2. The Patient as the Centre of Health Care?

This section looks at the notion of the patient as consumer of health care, including definitions of the term ‘patient-centred health care’ and how consumerism is implicit in this, how the notion originated in management / business theory, and why it was thought appropriate for the area of health care. The ways in which the concept has been put to practical use by successive governments is also discussed.

The notion of the patient as consumer of healthcare is one which is assumed to deliver a goal of ‘patient-centred healthcare’, that is, the idea that care provision within the NHS should put “the patient and their experience at the heart of quality improvement” (The King’s Fund 2012 [online].The notion of consumerism in healthcare is associated with a wide-spread reform of health systems assumed to better equip them to deal with the contemporary world, in which (it is assumed) people are more able to access a wider range of information, and are more willing to challenge figures of ‘authority’ (Goode et al 2004). While it might be thought that consumerism in health care is a function of right wing governments, it was actually embraced by both Tories and Labour in the UK (Edwards and Elwyn 2009). After an initial, more Fabian, approach by the Labour government shortly after they came to office in 1997, they embraced a consumerist approach in ‘The NHS Plan’ (Department of Health 2000) and subsequently, making the notion of patient choice central to their policy (Edwards and Elwyn 2009).

However, it was Margaret Thatcher’s 1979-1990 Conservative government was instrumental in introducing market forces to the NHS, forming the internal market and separating out purchasers and suppliers. This Conservative governmentintroduced the White Papers ‘Working with Patients’ (Department of Health 1989a) and ‘Caring for People’ (Department of Health 1989b), hoping to deliver a healthcare system which was closer to the consumerist ethos (Edwards and Elwyn 2009). Broadly speaking, consumerism overall developed with the advent of the leisure classes, that is, when a sizeable proportion of the populations of developed countries had surplus wealth and hence money to spend on goods as a way of enhancing social status and making their relative wealth apparent to others (Malkmes 2011). Consumerism nowadays can be seen as both “an economic institution protecting individuals in a free market society” and “the free choice of consumers and their opportunity to dictate the economic structure of a society” (Malkmes 2011, p. 11). That is, it assumes both a free market economy and that the choices of the individual are paramount.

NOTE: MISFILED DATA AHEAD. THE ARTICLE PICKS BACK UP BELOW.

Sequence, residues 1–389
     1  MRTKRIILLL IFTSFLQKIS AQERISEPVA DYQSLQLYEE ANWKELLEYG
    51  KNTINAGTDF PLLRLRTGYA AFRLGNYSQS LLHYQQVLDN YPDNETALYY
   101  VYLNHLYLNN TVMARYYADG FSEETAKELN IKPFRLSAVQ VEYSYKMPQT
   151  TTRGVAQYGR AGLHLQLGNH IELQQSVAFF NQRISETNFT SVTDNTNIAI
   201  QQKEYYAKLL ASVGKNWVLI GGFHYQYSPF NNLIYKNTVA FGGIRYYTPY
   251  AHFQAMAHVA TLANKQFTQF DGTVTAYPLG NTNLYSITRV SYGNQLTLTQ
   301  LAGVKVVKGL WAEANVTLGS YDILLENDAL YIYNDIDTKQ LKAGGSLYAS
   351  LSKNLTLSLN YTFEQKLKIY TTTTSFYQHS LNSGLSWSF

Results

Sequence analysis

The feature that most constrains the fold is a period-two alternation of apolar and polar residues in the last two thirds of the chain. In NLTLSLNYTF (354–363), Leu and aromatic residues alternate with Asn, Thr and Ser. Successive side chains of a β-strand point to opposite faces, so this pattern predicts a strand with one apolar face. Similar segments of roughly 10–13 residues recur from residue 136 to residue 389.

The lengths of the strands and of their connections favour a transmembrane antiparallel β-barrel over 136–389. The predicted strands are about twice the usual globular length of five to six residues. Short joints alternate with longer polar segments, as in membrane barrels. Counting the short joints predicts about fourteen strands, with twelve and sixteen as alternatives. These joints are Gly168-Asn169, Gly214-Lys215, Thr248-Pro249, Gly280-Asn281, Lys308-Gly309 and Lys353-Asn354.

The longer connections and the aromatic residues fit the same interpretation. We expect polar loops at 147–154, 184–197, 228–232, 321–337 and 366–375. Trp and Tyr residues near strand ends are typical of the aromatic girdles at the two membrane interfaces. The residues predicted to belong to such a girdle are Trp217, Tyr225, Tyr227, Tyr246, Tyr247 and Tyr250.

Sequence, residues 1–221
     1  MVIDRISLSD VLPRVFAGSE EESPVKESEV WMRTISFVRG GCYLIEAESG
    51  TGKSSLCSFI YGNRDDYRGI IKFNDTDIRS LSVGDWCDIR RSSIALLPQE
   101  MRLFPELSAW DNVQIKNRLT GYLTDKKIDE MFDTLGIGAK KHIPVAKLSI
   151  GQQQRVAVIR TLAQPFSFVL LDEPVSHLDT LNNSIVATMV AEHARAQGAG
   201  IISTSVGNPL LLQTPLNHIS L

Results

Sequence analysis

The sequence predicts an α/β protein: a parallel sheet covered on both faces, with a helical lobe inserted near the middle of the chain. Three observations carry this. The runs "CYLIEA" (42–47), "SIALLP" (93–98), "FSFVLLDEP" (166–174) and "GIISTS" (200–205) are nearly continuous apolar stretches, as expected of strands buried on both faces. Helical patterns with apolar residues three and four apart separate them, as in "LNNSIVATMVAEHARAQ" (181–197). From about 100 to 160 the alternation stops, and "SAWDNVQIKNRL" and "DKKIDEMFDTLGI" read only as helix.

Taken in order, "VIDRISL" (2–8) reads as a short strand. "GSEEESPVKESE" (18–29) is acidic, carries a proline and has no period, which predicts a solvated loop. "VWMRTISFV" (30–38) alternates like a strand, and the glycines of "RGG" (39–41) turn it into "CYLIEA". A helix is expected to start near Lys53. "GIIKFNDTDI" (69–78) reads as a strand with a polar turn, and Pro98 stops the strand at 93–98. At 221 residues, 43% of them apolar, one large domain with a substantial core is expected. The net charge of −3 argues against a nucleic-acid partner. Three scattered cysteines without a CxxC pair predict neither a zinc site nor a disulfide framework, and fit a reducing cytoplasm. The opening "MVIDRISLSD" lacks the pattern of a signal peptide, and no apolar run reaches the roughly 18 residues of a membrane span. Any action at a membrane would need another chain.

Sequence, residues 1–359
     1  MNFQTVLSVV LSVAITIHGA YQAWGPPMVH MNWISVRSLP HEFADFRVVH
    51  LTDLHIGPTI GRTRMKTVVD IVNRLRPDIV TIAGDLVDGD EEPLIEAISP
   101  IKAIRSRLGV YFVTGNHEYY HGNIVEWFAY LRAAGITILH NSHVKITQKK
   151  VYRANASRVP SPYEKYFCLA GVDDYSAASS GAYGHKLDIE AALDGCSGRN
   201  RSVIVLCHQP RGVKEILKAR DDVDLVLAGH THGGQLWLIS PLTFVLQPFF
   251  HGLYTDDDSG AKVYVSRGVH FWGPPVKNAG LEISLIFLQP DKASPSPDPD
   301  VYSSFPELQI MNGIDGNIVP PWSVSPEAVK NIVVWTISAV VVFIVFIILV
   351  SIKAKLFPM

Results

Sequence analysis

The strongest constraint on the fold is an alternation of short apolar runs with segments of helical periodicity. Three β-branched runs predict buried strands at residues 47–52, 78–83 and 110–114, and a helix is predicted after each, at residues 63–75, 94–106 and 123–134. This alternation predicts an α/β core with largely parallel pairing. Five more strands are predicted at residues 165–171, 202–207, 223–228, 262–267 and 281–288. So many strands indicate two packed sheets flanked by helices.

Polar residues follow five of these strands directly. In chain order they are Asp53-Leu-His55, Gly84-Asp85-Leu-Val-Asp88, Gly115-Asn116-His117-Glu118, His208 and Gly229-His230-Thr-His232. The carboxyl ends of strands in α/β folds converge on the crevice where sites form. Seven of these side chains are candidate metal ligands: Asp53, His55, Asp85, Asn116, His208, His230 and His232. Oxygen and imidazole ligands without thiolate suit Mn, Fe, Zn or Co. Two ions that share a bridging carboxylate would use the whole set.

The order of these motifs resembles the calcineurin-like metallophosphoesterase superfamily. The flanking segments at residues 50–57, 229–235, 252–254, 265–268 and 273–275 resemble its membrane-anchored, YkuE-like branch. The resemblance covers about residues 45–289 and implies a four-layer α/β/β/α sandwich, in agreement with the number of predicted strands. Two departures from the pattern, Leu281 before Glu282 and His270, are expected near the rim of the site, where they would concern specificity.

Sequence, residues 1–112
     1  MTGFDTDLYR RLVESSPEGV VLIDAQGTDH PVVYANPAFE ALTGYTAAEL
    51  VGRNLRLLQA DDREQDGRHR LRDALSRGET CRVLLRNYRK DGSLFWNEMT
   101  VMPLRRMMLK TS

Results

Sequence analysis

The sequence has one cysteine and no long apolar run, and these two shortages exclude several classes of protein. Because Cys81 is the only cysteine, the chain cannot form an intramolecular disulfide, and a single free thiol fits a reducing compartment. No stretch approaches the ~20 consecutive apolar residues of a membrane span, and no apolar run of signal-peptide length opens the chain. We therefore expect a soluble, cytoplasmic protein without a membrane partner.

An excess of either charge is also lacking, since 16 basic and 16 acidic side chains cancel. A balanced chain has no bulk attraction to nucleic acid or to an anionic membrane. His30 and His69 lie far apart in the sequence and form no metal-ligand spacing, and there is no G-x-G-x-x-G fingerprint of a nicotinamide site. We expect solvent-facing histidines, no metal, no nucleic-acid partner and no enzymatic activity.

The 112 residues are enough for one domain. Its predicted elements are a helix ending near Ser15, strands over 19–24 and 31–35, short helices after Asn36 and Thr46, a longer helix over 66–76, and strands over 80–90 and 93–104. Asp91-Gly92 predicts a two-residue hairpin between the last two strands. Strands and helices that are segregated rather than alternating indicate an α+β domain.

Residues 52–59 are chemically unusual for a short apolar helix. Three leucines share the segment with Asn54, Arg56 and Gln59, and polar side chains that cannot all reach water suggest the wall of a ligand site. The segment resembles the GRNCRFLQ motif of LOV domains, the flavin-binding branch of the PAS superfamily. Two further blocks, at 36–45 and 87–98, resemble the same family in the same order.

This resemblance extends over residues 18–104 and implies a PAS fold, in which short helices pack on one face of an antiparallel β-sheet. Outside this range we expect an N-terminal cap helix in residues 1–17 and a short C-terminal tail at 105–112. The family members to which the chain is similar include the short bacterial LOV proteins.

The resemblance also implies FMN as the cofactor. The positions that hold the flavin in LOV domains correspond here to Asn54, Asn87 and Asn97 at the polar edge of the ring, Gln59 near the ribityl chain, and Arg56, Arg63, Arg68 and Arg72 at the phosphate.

The introduction of consumerism by the Conservatives in the late 1980’s can be seen as influenced by a wider movement towards consumerism in healthcare.The disadvantages of welfare state style provisions were increasingly discussed from the 50’s. It was noted that many patients felt they had little say in the care they received from health bodies, and no recourse when treatments were unsuitable or dangerous. The 60’s saw direct action by public groups on a number of political issues, some of whom embraced the idea of the consumer of healthcare having a ‘voice’ to be heard (Morrow et al 2011). This background in public protest and ethical ideals adds another flavour to the roots of consumerism in management and business discussed above.